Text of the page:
Thursday, 8 December 2011
Lighten Up Edinburgh!
The whole of Europe must know about the dismal Edinburgh tram project and the problems created by incompetent councillors and other officials. The streets of Edinburgh have been dug up for some years now and small businesses have closed by the dozen, yet the councillors have decided Edinburgh needs trams. It doesn't. It has a bus service which is second to none but will be shunted into the sidings if, or when, the tram line is completed.
There's something very wrong in the corridors of power of Edinburgh's City Chambers. Those who purport to 'listen to the people' appear to be deaf and others seem to live in a fictional bubble.
It will be a few years until the streets are safe from roadworks if all goes to plan, yet the Burghers want to further reduce parking in a highly residential part of the Old Town. Even someone like me, who lived in Edinburgh only for a short time many years ago, knows the traffic chaos which will ensue from this new fantasy. The Burghers detest cars and are determined to ensure none reach the city centre - with exceptions of course for the great and the good.
Also this week, rearing its head once again, is the proposal for a tourist tax. The idea is to tax hotel accommodation and the Burghers are excited with the estimate that it could raise up to £10m a year in this way. Nowhere else in the UK is this tax implemented - mainly because it is blatant greed - but the green councillor thinks it's a wonderful idea because "it's unlikely to discourage visitors or affect the hotel trade." I did mention a fictional bubble didn't I?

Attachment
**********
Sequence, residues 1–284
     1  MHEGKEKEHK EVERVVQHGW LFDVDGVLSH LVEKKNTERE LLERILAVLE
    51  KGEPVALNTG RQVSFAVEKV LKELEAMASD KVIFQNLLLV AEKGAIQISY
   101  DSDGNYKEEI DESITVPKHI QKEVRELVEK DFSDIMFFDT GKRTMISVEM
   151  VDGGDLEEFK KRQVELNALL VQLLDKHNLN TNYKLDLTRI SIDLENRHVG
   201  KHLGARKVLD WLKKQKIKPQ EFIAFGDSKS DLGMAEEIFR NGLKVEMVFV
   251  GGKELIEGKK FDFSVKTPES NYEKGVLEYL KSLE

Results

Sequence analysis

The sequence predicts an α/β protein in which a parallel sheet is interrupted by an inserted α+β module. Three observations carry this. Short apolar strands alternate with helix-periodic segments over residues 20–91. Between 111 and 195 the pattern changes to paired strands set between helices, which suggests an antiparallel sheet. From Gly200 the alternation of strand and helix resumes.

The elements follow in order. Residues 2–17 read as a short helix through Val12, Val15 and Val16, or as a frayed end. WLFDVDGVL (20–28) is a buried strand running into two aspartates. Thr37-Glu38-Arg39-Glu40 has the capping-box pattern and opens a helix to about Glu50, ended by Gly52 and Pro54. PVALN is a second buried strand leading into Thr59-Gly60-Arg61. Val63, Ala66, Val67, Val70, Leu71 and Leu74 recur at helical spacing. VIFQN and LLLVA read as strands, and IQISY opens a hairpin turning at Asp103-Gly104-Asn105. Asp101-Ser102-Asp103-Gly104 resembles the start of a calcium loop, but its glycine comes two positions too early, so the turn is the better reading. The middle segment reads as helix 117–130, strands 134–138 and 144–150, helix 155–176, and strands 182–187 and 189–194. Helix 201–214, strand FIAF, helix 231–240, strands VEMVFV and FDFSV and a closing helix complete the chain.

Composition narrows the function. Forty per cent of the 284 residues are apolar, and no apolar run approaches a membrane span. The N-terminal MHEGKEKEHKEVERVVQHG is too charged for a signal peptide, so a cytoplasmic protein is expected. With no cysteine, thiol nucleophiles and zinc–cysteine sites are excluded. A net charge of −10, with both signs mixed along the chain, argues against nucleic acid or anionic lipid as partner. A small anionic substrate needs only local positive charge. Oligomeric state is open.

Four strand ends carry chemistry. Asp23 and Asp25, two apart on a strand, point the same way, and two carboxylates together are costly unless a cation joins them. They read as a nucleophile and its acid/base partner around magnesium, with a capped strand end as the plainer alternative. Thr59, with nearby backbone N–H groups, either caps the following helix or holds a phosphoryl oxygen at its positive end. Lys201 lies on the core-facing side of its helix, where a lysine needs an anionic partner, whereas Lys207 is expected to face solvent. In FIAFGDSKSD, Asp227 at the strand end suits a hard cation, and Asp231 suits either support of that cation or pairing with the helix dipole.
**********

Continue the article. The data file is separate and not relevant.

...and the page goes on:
For some months now Jenners of Princes Street, the famous department store (shown in photograph), has been tastefully lit up. But Edinburgh's main heritage watchdog, the Cockburn Association, isn't happy because Princes Street risks being 'tacky' if retailers are allowed to light up their buildings after dark without proper permission. I understand Primark has also illuminated their new building but can find no images of it.
This objection caused much laughter here. Edinburgh's streets have been like bomb sites for years; walking up the Royal Mile allows visitors to see and hear varying levels of tackiness from certain retailers and Princes Street has been a pathetic shadow of its former self for the past 30 years, yet there is objection to retailers lighting up their premises. The necessary permission will include a hefty fee no doubt.
It's time the City Chambers was cleared out and people installed who understand the responsibilities and duties connected with governing a great city. Such responsibilities are not always about taxing businesses and people until they bleed or move to other parts of the country.
Until then all I ask is - lighten up Edinburgh.